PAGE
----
# Abstract Nonsense

## Review of Group Theory: The Center of a Group

Point of post: In this post we take a brief break from our discussion of group actions to address the notion of the center of a group.

Motivation

Just as was the case for the center of an algebra it is often fruitful to consider the center of a group. In essence, the center of a group is merely the set of all elements of the group which commute with all other elements of the group. We shall use the concepts in this post in this and the next post to conclude that for any group of order $p^2$ with $p$ prime must be abelian.

The Center of a Group

Let $G$ be a group, we define the center of $G$ to be

$\mathcal{Z}\left(G\right)=\left\{g\in G:gg'=g'g,\;\;\text{for every }g'\in G\right\}$

Our first theorem says that the center of a group is a normal subgroup of a group:

Theorem: Let $G$ be a group, then $\mathcal{Z}\left(G\right)\trianglelefteq G$. Moreover, $G/\mathcal{Z}(G)\cong\text{ Inn}(G)\leqslant \text{Aut}(G)$ (where $\text{Inn}(G)$ is the set of inner automorphisms).

Proof: Recall that $\Phi:G\to \text{Aut}(G):g\mapsto i_g$ is a homomorphism. Note then that

\displaystyle \begin{aligned}\ker\Phi &= \left\{g\in G:i_g=\text{id}_G\right\}\\ &= \left\{g\in G:g^{-1}hg=h\;\;\text{for all }h\in G\right\}\\ &=\left\{g\in G:hg=gh\;\;\text{for all }\in G\right\}\\ &=\mathcal{Z}\left(G\right)\end{aligned}

from where the conclusion follows from our earlier characterization of normality. The fact that $G/\mathcal{Z}(G)\cong\text{ Inn}(G)$ now follows immediately from the First Isomorphism Theorem.$\blacksquare$.

An important theorem involving the center of a group is the following

Theorem: Let $G$ be a group. Then, if $G/\mathcal{Z}(G)$ is cyclic then $G$ is abelian.

Proof: Let $\mathcal{Z}(G)=\left\langle g\mathcal{Z}\left(G\right)\right\rangle$. Then, for any $a,b\in G$ we have that there exists $n,m\in\mathbb{Z}$ such that $a\mathcal{Z}(G)=g^n\mathcal{Z}(G)$ and $b\mathcal{Z}(G)=g^m\mathcal{Z}(G)$. Consequently there exists $z_1,z_2\in\mathcal{Z}(G)$ such that $a=g^nz_1$ and $b=g^mz_2$. Thus,

\begin{aligned}ab &=\left(g^nz_1\right)\left(g^mz_2\right)\\ &=g^nz_1z_2g^m\\ &=(z_1z_2)g^ng^m\\ &=(z_1z_2)g^mg^n\\ &=g^m(z_1z_2)g^n\\ &=\left(g^mz_2\right)\left(g^nz_1\right)\\ &=ba\end{aligned}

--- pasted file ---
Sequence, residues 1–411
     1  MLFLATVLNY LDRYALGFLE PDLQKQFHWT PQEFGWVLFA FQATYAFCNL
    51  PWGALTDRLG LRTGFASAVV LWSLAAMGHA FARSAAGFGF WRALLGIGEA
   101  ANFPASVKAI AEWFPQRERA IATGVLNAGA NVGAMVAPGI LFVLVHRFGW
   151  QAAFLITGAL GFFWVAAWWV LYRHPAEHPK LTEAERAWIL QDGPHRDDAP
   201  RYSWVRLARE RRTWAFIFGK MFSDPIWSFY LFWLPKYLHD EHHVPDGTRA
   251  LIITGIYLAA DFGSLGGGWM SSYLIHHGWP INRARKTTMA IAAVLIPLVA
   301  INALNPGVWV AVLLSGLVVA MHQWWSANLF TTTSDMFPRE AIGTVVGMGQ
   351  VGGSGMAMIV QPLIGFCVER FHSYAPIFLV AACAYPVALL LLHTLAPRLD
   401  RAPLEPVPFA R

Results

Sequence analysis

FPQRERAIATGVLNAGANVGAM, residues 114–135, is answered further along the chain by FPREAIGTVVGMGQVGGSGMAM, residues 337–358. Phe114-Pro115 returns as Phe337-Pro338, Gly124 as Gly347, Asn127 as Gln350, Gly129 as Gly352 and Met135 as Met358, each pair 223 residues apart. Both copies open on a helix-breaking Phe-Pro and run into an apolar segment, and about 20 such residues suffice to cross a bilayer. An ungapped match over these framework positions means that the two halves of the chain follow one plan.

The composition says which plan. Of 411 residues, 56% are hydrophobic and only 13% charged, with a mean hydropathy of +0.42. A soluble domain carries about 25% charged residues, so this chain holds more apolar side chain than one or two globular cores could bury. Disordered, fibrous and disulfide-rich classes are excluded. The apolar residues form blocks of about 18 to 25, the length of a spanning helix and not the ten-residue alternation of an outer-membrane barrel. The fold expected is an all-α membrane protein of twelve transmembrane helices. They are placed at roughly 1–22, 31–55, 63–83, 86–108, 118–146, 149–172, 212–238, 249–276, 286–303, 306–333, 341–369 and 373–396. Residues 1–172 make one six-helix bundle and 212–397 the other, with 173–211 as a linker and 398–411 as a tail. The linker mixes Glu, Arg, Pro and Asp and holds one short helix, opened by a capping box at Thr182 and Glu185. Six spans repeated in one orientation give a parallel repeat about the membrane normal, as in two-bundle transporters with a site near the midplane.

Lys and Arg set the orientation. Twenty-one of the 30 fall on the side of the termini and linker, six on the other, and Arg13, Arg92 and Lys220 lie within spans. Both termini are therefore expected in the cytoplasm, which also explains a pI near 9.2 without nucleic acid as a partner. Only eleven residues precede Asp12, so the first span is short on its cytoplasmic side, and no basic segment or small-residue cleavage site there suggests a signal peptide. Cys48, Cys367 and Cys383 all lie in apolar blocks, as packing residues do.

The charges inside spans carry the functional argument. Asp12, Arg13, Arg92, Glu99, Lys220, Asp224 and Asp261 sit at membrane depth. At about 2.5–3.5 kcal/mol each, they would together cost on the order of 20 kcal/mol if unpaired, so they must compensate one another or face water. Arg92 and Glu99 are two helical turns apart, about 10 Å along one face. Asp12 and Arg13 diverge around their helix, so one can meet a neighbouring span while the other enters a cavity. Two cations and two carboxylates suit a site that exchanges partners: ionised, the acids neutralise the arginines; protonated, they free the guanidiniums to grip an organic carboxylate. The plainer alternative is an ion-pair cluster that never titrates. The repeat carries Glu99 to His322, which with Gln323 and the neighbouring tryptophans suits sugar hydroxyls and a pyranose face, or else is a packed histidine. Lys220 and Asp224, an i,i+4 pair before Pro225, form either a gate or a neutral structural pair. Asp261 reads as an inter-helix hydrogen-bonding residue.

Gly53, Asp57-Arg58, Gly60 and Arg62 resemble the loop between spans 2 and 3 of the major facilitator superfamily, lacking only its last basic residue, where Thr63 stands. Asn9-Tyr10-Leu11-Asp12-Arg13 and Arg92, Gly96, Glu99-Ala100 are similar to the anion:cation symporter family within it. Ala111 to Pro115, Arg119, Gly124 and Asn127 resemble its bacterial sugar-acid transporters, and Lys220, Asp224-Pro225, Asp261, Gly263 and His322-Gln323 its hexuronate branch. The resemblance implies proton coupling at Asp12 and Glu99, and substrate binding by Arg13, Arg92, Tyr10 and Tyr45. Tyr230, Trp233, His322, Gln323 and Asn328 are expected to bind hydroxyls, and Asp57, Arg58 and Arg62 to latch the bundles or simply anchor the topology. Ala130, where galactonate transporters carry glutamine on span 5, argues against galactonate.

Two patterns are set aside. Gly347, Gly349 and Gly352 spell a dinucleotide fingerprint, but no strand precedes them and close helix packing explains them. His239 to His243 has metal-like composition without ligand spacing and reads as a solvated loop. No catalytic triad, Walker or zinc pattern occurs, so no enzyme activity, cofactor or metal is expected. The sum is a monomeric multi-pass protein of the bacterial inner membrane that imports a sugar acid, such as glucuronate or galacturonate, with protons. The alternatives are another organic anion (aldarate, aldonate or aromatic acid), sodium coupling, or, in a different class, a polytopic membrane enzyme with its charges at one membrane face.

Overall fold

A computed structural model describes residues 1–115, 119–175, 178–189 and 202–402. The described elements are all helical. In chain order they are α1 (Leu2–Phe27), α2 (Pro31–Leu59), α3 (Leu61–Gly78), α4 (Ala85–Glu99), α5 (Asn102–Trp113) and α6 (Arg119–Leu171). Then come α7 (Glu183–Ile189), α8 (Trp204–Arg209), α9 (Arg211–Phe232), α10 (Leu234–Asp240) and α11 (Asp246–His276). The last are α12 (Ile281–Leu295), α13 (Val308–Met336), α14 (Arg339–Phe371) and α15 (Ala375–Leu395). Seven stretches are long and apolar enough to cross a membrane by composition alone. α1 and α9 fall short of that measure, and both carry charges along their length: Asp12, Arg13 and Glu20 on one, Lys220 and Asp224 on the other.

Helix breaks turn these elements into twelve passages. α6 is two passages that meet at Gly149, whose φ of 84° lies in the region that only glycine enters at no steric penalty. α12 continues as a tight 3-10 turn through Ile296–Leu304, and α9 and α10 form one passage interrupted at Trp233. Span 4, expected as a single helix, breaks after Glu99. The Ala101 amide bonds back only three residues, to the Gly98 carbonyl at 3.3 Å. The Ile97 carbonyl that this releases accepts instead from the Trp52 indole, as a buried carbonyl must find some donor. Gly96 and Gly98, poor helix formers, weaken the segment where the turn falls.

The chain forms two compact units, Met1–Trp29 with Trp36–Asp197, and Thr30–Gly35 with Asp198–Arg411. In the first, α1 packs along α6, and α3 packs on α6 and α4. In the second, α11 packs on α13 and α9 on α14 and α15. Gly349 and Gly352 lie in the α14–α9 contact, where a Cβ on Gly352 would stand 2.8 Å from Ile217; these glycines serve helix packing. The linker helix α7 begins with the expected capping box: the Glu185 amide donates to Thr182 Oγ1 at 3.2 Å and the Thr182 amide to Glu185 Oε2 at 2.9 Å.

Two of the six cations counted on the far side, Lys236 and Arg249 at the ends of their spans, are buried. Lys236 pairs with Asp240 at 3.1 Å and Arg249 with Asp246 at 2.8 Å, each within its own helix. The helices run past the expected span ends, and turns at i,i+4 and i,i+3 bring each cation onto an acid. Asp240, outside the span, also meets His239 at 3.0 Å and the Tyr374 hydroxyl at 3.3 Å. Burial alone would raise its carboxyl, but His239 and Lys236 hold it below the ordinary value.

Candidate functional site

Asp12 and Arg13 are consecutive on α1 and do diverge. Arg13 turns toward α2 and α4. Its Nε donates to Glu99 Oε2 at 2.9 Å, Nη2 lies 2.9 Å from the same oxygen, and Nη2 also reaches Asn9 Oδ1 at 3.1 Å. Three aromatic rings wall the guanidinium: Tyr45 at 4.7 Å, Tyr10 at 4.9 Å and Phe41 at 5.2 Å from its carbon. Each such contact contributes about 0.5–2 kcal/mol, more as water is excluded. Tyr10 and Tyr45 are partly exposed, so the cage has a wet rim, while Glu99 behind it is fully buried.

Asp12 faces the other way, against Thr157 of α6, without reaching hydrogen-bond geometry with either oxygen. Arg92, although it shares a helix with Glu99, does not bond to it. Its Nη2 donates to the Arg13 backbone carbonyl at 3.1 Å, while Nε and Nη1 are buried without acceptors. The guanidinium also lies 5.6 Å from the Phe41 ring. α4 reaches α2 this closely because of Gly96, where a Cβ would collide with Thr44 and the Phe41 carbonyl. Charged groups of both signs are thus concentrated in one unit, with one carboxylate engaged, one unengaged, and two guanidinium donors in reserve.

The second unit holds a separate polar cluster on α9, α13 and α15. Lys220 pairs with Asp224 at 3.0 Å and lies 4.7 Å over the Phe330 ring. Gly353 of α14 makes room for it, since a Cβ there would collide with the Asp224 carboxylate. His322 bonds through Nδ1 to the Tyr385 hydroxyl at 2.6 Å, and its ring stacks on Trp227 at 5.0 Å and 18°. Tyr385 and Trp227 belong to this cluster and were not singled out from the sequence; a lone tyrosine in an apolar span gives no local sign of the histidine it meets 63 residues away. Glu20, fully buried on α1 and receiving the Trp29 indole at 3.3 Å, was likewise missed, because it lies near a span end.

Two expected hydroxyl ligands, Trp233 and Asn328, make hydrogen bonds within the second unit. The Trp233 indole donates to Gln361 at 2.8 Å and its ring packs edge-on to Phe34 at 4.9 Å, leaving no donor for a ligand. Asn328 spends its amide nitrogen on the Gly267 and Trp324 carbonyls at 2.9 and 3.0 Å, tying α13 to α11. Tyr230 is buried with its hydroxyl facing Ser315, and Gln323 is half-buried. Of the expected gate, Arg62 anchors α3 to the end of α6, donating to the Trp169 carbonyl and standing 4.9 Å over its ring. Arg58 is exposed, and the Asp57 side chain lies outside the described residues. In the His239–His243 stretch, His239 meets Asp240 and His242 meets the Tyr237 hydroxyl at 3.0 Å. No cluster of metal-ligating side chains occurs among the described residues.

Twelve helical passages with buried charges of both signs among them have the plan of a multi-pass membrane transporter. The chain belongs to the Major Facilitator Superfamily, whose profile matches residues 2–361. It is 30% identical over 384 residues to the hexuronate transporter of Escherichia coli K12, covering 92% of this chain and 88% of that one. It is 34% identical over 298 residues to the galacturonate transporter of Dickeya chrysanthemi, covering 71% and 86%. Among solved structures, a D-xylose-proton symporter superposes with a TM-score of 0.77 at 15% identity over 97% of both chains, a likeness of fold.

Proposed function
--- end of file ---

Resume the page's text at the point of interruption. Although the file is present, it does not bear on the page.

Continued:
the conclusion follows. $\blacksquare$

The reason why this is slightly important is that it well let us conclude (later) that the only groups up to isomorphism of order $p^2$ where $p$ is prime are $C_{p^2}$ or $C_p\oplus C_p$ where $C_k$ is a symbol  for the generic cyclic group of order $k$ and $\oplus$ is the direct product of groups which we have yet to discuss.

References:

1.  Lang, Serge. Undergraduate Algebra. 3rd. ed. Springer, 2010. Print.

2. Dummit, David Steven., and Richard M. Foote. Abstract Algebra. Hoboken, NJ: Wiley, 200

January 5, 2011 -

1. […] reasons) and is called the conjugacy class of . We note the trivial fact that (where is the center of ) if and only if […]

Pingback by Review of Group Theory: Group Actions (Pt. IV Conjugation and the Class Equation) « Abstract Nonsense | January 6, 2011 | Reply

2. […] reasons) and is called the conjugacy class of . We note the trivial fact that (where is the center of ) if and only if […]

Pingback by Review of Group Theory: Group Actions (Pt. IV Conjugation and the Class Equation) « Abstract Nonsense | January 6, 2011 | Reply

3. […] Assume that then and thus (from previous theorem) we may conclude that is cyclic. But, from an earlier theorem we may then conclude that is abelian and thus which is a contradiction. Thus, it follows that […]

Pingback by Review of Group Theory: Group Actions (Pt. IV Conjugation and the Class Equation Pt. II) « Abstract Nonsense | January 6, 2011 | Reply

4. […] is that is a normal subgroup of . Indeed it clearly suffices to check that for every . Recall the inner automorphism and the fact that it is, surprisingly, an automorphism. Thus, one sees that and since were […]

Pingback by Review of Group Theory: The Commutator Subgroup and the Abelianization of a Group « Abstract Nonsense | February 27, 2011 | Reply

5. […] further and show that for any finite group and any one has that (where, as usual, denotes the center of the group). This proof is quite long, but the result is interesting enough to merit the effort. […]

Pingback by Representation Theory: The Dimension Theorem (Strong Version) « Abstract Nonsense | March 7, 2011 | Reply

6. […] We use the fact that since that is inevitably cyclic and so by a common theorem we must have that is abelian. Then, by the structure theorem we may conclude that either or […]

Pingback by University of Maryland College Park Qualifying Exams (Group Theory and Representation Theory) ( January 2003)) « Abstract Nonsense | May 1, 2011 | Reply

7. […] get an idea of these subrings let’s define the analogous idea of the center of a group for a ring and show it’s a subring. Namely, if is a ring then we define the center of to […]

Pingback by Subrings « Abstract Nonsense | June 15, 2011 | Reply